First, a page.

What inspires your staff? What keeps them working for you with enthusiasm and energy, pushing towards that bottom line? What makes a self-motivated workforce that's innovative and creative? What will make people stay with a company and help it grow?
It seems there's no easy answer to these questions. It's not something you can do with a couple of staff fun days or HR exercises, and it can't be easily manipulated.
Inspiring your staff takes time, effort and consistency. It's about creating a culture that inspires self-motivation as well as providing the security to develop and innovate.
Yes, a good salary, benefits package and training opportunities can certainly contribute towards a productive workforce, but that's not going to turn your staff into an inspired team or make them stay with you in the long term.
Creating a motivated workforce is less about monetary rewards and more to do with management styles.
While there is no easy fix, there are plenty of ways to begin creating the right culture. Trust and belief in your staff is crucial, as is letting go and trusting that your employees have the ability to do their jobs.
Consistency is important, too. If you want to be an inspiration to your staff, exemplify what you want from others.
More than any other factor, communication is essential for creating a motivated culture. Put in a system of regular staff appraisals and articulate clearly what the objectives of the business are.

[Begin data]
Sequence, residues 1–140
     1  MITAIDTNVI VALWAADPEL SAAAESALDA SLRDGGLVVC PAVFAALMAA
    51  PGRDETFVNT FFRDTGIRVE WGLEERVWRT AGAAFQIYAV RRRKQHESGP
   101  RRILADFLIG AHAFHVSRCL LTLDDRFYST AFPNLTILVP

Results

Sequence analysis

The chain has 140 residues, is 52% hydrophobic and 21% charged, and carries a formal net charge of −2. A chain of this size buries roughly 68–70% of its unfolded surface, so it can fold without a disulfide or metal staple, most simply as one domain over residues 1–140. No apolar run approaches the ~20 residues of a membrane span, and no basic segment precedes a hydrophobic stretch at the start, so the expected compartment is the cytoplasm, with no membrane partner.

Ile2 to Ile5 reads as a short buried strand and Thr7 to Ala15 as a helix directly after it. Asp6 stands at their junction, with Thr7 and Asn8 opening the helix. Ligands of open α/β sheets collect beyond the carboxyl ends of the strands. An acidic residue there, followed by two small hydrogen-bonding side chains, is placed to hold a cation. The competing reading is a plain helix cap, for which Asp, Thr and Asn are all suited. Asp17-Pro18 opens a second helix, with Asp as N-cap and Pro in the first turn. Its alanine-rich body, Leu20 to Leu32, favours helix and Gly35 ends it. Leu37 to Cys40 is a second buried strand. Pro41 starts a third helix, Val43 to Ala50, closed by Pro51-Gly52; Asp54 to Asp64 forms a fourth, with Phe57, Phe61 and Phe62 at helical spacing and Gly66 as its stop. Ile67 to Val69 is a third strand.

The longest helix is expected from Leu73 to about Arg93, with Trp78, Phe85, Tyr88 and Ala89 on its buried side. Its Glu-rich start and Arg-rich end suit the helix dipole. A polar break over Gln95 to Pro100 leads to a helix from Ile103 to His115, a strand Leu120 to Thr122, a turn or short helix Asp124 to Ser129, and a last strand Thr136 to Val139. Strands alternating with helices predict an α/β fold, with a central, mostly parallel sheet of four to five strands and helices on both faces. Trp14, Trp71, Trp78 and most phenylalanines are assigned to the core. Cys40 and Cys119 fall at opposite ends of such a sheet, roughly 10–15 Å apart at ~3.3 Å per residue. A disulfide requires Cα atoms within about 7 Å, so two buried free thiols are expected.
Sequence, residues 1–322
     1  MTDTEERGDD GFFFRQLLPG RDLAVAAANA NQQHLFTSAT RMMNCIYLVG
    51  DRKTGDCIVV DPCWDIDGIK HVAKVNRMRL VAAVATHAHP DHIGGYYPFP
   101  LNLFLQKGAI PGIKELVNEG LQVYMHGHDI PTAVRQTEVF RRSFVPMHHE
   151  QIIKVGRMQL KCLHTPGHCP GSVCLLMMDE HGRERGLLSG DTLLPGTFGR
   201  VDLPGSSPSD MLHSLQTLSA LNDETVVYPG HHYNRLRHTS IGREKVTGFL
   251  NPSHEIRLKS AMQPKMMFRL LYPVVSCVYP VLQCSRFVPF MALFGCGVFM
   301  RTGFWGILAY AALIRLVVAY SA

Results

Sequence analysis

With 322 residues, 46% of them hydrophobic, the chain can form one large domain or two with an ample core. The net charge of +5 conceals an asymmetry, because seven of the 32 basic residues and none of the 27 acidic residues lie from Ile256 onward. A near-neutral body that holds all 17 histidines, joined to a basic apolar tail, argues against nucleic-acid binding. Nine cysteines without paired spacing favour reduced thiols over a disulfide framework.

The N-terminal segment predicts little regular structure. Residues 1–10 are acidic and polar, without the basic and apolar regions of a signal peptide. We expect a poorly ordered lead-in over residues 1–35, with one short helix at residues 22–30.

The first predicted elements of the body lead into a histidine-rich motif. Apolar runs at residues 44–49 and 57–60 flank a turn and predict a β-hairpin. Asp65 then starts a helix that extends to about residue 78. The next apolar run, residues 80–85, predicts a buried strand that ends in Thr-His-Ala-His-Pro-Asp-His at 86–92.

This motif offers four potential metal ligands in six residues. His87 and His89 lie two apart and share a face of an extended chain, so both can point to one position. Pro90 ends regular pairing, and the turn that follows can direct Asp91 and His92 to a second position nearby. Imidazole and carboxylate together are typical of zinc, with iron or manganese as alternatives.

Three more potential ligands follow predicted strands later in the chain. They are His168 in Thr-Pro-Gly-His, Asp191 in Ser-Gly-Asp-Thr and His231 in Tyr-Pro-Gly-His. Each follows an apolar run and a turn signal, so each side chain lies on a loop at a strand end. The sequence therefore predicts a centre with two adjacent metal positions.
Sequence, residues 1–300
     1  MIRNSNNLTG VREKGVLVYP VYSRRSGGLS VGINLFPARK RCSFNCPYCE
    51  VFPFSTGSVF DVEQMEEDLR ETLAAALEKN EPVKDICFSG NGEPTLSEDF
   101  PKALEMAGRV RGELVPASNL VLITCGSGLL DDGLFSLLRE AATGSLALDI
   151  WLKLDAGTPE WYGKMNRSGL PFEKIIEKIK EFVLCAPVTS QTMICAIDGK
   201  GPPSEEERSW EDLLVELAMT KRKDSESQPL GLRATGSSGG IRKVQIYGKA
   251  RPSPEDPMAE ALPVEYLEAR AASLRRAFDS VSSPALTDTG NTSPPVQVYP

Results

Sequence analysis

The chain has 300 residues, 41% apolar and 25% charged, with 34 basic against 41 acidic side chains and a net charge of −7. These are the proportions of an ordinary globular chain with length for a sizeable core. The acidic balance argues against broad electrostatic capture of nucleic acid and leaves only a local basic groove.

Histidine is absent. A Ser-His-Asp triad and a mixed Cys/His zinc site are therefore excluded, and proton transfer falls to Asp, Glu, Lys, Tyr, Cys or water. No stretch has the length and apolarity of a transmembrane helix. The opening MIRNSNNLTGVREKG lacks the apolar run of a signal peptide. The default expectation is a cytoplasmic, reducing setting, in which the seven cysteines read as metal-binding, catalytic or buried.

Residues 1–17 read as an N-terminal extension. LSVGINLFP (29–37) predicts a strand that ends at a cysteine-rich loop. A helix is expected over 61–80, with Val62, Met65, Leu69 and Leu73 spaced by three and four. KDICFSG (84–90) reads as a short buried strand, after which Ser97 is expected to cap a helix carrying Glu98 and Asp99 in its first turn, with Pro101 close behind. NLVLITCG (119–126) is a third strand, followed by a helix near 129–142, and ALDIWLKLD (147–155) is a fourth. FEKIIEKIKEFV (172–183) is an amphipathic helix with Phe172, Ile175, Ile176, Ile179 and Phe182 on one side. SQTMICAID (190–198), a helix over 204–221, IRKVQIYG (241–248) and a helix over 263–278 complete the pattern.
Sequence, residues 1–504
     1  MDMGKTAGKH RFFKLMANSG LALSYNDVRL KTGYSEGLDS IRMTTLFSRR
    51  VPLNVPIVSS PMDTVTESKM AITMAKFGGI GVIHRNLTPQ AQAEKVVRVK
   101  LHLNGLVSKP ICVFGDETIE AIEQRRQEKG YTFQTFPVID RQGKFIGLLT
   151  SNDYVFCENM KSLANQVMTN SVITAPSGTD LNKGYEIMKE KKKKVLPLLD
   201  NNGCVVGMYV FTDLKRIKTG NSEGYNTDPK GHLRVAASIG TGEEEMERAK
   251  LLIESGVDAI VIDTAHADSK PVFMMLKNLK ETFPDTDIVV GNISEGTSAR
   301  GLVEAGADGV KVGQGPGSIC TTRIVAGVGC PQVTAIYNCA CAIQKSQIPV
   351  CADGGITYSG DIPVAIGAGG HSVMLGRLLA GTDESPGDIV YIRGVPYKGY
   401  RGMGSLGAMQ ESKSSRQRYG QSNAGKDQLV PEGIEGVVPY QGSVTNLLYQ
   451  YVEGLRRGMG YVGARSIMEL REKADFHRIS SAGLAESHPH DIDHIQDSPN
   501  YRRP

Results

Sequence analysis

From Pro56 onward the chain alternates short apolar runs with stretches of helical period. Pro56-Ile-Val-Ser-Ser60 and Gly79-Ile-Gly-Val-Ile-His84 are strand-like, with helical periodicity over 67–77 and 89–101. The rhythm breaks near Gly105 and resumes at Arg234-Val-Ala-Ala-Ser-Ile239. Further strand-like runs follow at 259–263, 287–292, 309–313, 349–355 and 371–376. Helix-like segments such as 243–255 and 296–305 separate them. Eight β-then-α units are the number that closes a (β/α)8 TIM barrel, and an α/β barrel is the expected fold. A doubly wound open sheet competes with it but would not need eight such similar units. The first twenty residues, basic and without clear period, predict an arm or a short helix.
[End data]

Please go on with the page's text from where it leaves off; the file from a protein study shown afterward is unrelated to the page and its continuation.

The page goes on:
People need to know how they contribute to the company and how they make a difference.
Staff also need to feel that their opinions and suggestions are valued. Simply asking employees to suggest innovations that might make their working lives easier might throw up some interesting requests, while also ensuring they feel consulted and cared for.
Seven steps to creating an inspirational culture
1 Trust and let go Believe in people's abilities and let them do their jobs. Allow them a level of autonomy that is appropriate for their role, motivation and expertise.
2 Be an example Be consistent, keep appointments and, if things go wrong, keep it to yourself and deal with it. Exemplify the behaviour you would like to see in others, and act in line with your values.
3 Allow mistakes to be made Promote innovation by allowing your staff to make mistakes without retribution. As Jack Welch, CEO of General Electric, said: "It's not about what went wrong, but how we get it right the next time."
4 Measure output, not input Look at the results, not always at how they were achieved. People may have completely different styles but still reach the same goals.
5 Communicate Talk to your staff regularly about their needs and your needs, and set up a system of regular appraisals. Articulate what the business's objective is and how people fit in with it. People need to feel they are contributing to something important.
6 Treat people as individuals Regularly appraise your staff's performance. Find out what they want and what makes them tick. There are systems which can do this, or get your teams to do what you do at the top.
7 Celebrate success Always celebrate success and significant achievements, or just remember to say thank you. It's easy to forget to say it in the midst of a busy day, but it does reinforce the fact that each employee matters. For many people, genuine praise is more important than financial rewards.